Their method is to inject a serum that stimulates latent mutant genes while exposing the subjects to high degrees of pain. The theory being stress will make the mutant strands activate to protect the host. It’s a case of death or super-powers, whichever comes first.

It’s no spoiler to say Wade Wilson survives, otherwise we’d have no film. He’s left with regeneration powers similar to Wolverine, with the ability to regrow body parts. The bad news is he is scarred to the point he doesn’t think Vanessa would take him back.

What follows is a revenge plot. He wants to find the man that caused the pain and visual damage. What stands in his way is the X-Men. Well, actually just two. Colossus and Negasonic Teenage Warhead. Their interference allows the British bad guy, named Ajax, a chance to realise who is after him and then capture Deadpool’s woman.

It’s all pretty simple but that plays to the film’s strengths. It’s not trying to be a philosophical superhero film and its adult themes means it doesn’t have to pander to the younger Marvel audience. The action sequences benefit from the removal of violent restrictions. And it becomes clear what type of film it really is.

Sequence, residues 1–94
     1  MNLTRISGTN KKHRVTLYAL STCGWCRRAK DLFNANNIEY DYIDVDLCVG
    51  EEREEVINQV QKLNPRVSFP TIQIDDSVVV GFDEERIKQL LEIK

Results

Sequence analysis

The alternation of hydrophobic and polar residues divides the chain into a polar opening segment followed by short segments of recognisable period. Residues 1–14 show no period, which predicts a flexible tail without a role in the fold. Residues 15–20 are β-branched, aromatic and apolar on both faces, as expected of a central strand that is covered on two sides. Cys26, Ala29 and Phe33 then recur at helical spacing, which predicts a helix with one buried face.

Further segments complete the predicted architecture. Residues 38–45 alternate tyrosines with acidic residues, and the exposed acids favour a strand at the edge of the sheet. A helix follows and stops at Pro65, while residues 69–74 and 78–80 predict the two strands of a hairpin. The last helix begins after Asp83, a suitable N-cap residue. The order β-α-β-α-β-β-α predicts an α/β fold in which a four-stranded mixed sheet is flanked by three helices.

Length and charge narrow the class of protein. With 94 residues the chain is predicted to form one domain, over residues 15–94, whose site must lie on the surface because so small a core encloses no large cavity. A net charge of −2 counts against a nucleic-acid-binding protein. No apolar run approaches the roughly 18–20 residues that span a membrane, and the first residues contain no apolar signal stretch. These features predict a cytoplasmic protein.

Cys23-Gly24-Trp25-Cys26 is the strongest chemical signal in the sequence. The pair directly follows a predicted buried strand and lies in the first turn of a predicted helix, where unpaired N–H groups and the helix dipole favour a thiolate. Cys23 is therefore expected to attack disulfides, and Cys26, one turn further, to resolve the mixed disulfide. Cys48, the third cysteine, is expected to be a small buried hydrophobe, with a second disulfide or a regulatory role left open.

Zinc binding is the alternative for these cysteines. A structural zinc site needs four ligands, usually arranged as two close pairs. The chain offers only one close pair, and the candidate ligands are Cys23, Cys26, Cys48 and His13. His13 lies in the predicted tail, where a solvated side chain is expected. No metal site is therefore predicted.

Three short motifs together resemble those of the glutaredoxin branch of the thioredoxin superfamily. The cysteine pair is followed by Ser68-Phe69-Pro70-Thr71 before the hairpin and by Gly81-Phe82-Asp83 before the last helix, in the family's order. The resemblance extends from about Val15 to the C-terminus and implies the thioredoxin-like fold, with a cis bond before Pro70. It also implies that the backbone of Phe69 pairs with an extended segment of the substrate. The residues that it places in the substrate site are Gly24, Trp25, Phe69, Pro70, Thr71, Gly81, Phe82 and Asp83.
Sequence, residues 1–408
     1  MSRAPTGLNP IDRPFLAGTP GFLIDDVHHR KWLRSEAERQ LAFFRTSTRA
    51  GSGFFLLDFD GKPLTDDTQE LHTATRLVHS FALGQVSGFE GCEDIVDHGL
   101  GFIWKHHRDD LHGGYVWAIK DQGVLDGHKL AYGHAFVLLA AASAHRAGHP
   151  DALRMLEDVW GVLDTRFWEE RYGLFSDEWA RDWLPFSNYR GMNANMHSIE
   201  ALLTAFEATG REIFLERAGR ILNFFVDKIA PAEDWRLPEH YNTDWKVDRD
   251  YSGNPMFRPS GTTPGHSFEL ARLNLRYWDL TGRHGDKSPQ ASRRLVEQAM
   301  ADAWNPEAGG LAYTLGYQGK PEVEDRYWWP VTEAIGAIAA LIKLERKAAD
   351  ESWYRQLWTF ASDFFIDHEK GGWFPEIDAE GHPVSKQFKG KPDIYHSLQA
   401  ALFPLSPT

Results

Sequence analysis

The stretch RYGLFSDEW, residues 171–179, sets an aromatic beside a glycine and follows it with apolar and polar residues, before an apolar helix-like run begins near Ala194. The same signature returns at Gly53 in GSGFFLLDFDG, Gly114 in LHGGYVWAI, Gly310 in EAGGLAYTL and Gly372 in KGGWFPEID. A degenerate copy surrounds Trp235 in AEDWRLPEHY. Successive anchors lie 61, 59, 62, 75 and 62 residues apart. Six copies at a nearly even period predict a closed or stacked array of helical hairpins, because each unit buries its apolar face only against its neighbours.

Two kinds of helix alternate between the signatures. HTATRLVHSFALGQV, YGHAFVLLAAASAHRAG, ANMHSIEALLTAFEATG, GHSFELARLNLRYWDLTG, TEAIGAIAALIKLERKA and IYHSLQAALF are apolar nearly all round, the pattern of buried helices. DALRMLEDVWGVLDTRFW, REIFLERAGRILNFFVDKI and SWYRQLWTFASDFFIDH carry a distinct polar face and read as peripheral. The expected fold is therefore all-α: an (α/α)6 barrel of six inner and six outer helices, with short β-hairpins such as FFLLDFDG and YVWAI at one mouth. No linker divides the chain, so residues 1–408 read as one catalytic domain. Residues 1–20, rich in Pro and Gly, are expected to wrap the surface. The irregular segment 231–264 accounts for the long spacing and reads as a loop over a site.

It’s not a grown-up superhero flick. It’s a modern action film.

In the eighties, before the modern craze of super-powers and capes cluttered the box office, action men were kings. Like the westerns before, the niche market found a way to rule. Like the current superhero phase, over saturation became the norm.